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Discover resort that offers value for money for families who ski

By Herald Express  |  Posted: January 31, 2013

  • Flaine side: Coming down into Flaine from the Grandes Platires summit on the edge of the Grand Massif David Morgan

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BARELY an hour from Geneva airport is one of the biggest ski areas in France — and slowly but surely the British are wising up to it.

The Grand Massif — all 270 kilometres of it — is among the easiest ski areas in France to get to from the UK.

At the last count — and it is worth checking yourself as these things can change — you can fly to Geneva from any one of 20 airports in Great Britain and Northern Ireland with the four main budget airlines.

Catch an early morning flight and you can be skiing by lunchtime the same day — and that's just one of the attractions of the Grand Massif.

The main one is the choice of resorts and slopes to pick from in the fourth-largest ski domain in France, and the feeling of being able to go on your own ski safari every day.

Technically, the Grand Massif is split into two — Secteur Flaine and Secteur Massif — which overlap in the middle but not for long.

To get the best out of your stay buy the six-day combined Grand Massif lift pass priced at 210 euros and go anywhere you like.

The combined pass opens up the option of going out on a daily safari taking in each of the four main resorts on the circuit — Samoëns, Morillon, Les Carroz and Flaine — or dropping into the mountain hamlets of Vernant or Les Molliets.

The resorts are all different in temperament and character — hotels in Carroz, self-catering in Flaine, mixed accommodation and camping in Samoëns and neighbouring Morillon — so it's relatively easy to find something to suit.

Popular with the French are winter holiday centres, ideal for groups, and with prices starting from bed and breakfast from 22 euros a night in Samoëns it is easy to see why!

All the resorts offer chalet accommodation as well.

Having not visited the Grand Massif for a couple of years, I decided it was time to pay a return visit and look again from a new angle.

For my return visit I booked into the three-star Gai Soleil in Samoëns for a couple of days and went exploring.

My first port of call was the tourist office on the edge of the 13th century village for a chat with Justine Curnier from the communications department.

Samoëns appears to have a lot going for it as a base to explore the Grand Massif — and Justine had the facts and figures at her fingertips to bear that out.

"More and more British people are discovering Samoëns and what we have to offer the family who ski," said Justine.

"There are about 20,000 bed spaces in Samoëns and 25 per cent of them are filled by British visitors.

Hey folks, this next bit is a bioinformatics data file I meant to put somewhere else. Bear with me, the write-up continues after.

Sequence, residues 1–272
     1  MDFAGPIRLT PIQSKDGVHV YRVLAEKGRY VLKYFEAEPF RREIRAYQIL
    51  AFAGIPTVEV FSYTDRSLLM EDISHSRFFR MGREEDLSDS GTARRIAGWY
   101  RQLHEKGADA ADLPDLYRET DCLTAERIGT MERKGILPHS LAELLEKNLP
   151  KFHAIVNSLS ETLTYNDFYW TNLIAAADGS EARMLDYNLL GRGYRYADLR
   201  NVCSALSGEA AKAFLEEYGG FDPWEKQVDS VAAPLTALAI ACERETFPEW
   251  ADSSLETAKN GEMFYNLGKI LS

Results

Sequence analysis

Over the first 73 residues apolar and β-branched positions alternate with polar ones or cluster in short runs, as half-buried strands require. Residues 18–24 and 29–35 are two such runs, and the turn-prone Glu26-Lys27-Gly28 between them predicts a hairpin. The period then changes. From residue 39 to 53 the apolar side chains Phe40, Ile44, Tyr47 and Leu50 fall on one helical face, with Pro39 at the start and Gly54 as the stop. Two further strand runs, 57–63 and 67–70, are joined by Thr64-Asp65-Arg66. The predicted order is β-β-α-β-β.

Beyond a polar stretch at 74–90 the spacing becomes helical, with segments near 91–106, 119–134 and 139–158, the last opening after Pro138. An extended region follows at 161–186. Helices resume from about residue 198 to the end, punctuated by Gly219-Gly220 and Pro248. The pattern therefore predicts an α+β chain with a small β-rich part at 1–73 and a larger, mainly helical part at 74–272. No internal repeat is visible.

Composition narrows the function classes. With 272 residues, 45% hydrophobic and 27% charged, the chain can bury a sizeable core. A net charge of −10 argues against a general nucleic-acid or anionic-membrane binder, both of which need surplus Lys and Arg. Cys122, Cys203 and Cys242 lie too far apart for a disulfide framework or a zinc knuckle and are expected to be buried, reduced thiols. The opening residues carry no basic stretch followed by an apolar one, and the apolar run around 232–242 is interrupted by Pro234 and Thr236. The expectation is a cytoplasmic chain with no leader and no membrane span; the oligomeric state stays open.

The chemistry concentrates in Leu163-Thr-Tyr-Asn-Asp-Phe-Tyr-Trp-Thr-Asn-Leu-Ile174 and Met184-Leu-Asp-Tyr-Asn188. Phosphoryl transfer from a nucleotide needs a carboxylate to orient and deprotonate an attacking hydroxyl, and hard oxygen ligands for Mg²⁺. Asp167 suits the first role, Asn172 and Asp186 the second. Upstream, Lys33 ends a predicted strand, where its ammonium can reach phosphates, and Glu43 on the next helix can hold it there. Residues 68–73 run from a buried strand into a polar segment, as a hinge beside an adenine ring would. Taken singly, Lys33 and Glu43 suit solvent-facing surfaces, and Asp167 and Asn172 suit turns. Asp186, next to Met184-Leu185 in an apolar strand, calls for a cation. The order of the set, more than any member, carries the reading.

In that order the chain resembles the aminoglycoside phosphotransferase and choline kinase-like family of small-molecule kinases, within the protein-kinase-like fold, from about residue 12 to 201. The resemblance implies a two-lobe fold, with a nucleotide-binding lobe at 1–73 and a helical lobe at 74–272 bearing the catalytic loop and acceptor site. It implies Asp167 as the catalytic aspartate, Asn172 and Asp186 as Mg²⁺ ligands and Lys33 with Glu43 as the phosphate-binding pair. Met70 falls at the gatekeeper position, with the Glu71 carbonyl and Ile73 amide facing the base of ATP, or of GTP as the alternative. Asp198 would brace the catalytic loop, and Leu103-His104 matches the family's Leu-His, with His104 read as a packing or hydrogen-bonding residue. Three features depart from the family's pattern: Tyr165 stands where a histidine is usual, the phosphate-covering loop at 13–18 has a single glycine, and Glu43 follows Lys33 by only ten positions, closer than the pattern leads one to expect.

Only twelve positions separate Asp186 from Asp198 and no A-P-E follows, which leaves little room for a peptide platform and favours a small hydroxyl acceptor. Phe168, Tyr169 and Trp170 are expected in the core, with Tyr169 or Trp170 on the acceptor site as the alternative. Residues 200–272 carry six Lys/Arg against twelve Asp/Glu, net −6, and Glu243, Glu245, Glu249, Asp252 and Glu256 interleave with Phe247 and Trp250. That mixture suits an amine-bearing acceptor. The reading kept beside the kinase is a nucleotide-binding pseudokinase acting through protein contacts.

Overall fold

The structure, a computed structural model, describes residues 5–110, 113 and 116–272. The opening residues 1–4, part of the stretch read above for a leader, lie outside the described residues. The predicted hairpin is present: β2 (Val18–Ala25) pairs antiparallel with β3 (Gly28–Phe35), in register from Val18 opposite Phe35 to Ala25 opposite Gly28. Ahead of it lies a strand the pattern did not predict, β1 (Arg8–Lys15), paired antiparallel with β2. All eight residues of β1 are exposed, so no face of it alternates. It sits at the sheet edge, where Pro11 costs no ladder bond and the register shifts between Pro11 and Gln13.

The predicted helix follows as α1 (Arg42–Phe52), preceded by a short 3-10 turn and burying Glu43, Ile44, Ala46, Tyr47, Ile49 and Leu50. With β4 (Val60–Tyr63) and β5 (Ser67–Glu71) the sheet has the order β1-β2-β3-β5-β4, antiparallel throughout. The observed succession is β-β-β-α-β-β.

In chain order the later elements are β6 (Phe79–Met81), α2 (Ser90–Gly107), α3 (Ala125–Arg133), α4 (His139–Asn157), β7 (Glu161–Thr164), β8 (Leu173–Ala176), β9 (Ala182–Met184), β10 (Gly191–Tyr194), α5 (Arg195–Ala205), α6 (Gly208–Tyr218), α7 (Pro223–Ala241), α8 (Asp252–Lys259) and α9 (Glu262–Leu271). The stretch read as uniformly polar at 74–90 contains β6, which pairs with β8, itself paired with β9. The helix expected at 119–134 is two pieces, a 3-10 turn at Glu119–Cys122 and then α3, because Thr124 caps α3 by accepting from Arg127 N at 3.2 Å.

"Our ratio of bed spaces to ski lifts up the mountain mean there are seldom long queues.

"A lot of our accommodation is self-catering which is ideal for the family. Otherwise, there are three three-star hotels, three two stars and one one-star hotel, as well as chalets and the holiday clubs.

"In Samoëns we also have cheap accommodation in gites, which are fine for groups but not really for families."

Clearly, resort managers are expecting more visitors this winter. A new red run — the Parements — has been laid out and there is a moving carpet in the beginners' area for the first time.

Samoëns knows its place in the skiing firmament: it is unashamedly looking for the family who ski.

"We are a family resort trying to offer value for money, not a place with lots of noisy après-ski when the slopes close," said Justine.

"But there are more than 20 bars or bar-restaurants for a night out — and one stays open until 2am.

"Covey's is our Irish bar and is run by two real Irish people. It is good for people who want to watch rugby and English football.

"Guanacao is the bar that opens late and where they have live music sometimes."

Samoëns benefits from the ultra-quick Grand Massif Express gondola that can whisk skiers 900 metres up the mountain in just eight minutes. With a carrying capacity of 2,500 skiers per hour, you won't be queuing for long.

There's a mini ski area at the top — reds and blues and a green for beginners — or the option of a nine-minute ride Chariande chair to the Tete de Saix at 2100, where you are smack, bang centre in the ski domain.

From there you can ski to Flaine, recommended by the locals as a good morning run, Les Carroz for an agreeable lunch at a slope-side hotel bar on the edge of town, or down to Morillon.

With almost 270km of slopes the options are almost endless and I don't propose to try to list them here.

However, no trip to the Grand Massif is complete without taking the Grandes Platires gondola out of Flaine, which chucks you out at the edge of the marked ski area, and taking the oh-so-long blues down to the village of Sixt Fer A Cheval.

You head off for a couple of kilometres on the Serpentine, taking in stunning views of the valley below and across country to Mont Blanc, then at Tete Pelouse you fork right on to Les Cascades.

Les Cascades, at 14km long, is claimed to be the longest blue in France. It is certainly one of the prettiest. With no chair lifts or gondolas overhead anywhere along its length, it is definitely one of the quietest.

Have a coffee in Sixt, which has slopes of its own to tick off, then take the free bus back to Samoëns and start all over again.



Le Gai Soleil three-star hotel: www.augaisoleil-hotel-restaurant.com





Grand Massif 210 euros, Secteur Samoëns 177 euros.

www.samoens-transfers.com, www.powdercab.com, www.gomassif.com

There are four ski schools serving Samoëns. Details can be found on the resort website.

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